Forum for Science, Industry and Business

Sponsored by:     3M 
Search our Site:

 

Researchers map the sexual network of an entire high school

25.01.2005


For the first time, sociologists have mapped the romantic and sexual relationships of an entire high school over 18 months, providing evidence that these adolescent networks may be structured differently than researchers previously thought.



The results showed that, unlike many adult networks, there was no core group of very sexually active people at the high school. There were not many students who had many partners and who provided links to the rest of the community.

Instead, the romantic and sexual network at the school created long chains of connections that spread out through the community, with few places where students directly shared the same partners with each other. But they were indirectly linked, partner to partner to partner. One component of the network linked 288 students – more than half of those who were romantically active at the school – in one long chain. (See figure for a representation of the network.)


James Moody, co-author of the study and professor of sociology at Ohio State University, said this network could be compared to rural phone lines, running from a long main trunk line to individual houses. As a comparison, many adult sexual networks are more like an airline hub system where many points are connected to a small number of hubs. “We went into this study believing we would find a core model, with a small group of people who are sexually active,” Moody said. “We were surprised to find a very different kind of network.” The results have implications for designing policies to stop the spread of sexually transmitted diseases among adolescents, he said.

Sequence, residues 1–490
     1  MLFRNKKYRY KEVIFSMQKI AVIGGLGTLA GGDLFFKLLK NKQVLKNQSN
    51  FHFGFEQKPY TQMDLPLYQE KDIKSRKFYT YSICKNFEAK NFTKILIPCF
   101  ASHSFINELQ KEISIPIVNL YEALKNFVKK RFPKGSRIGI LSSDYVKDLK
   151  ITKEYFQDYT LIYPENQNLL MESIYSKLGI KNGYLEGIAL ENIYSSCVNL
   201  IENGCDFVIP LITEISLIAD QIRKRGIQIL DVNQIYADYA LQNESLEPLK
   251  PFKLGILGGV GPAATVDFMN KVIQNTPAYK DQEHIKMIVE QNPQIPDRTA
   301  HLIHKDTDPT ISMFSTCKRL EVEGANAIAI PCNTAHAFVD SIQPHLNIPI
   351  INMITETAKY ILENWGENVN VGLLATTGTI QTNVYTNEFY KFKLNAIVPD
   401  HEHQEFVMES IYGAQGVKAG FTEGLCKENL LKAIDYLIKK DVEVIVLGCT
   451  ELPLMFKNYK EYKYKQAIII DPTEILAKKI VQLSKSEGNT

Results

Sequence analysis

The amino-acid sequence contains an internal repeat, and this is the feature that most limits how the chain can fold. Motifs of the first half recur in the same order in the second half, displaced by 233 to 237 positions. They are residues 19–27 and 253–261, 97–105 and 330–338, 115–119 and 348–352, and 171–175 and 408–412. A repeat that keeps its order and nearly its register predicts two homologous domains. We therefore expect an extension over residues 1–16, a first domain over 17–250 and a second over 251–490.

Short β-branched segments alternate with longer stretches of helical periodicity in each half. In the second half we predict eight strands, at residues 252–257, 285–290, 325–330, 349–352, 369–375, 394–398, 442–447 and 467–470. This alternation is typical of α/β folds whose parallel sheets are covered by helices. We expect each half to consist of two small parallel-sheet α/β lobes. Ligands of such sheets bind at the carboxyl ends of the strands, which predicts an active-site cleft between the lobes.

The study was conducted by Peter Bearman of Columbia University, Moody, and Katherine Stovel of the University of Washington. The results were published in a recent issue of the American Journal of Sociology.

The researchers used data from the National Longitudinal Study of Adolescent Health. As part of that study in 1995, researchers interviewed nearly all students at an unidentified Midwestern school that they renamed “Jefferson High School.” It is an almost all-white school, and is the only public high school in this mid-sized city, which is more than an hour away from the nearest metropolitan area.

Researchers interviewed 832 of the approximately 1,000 students at the school. Students were asked to identify their sexual and romantic partners in the past 18 months from a roster of other students attending their school. (Romantic relationships were ones in which the students named the other as a romantic partner. Non-romantic sexual partners were those in which the participants said they had sexual intercourse, but were not dating).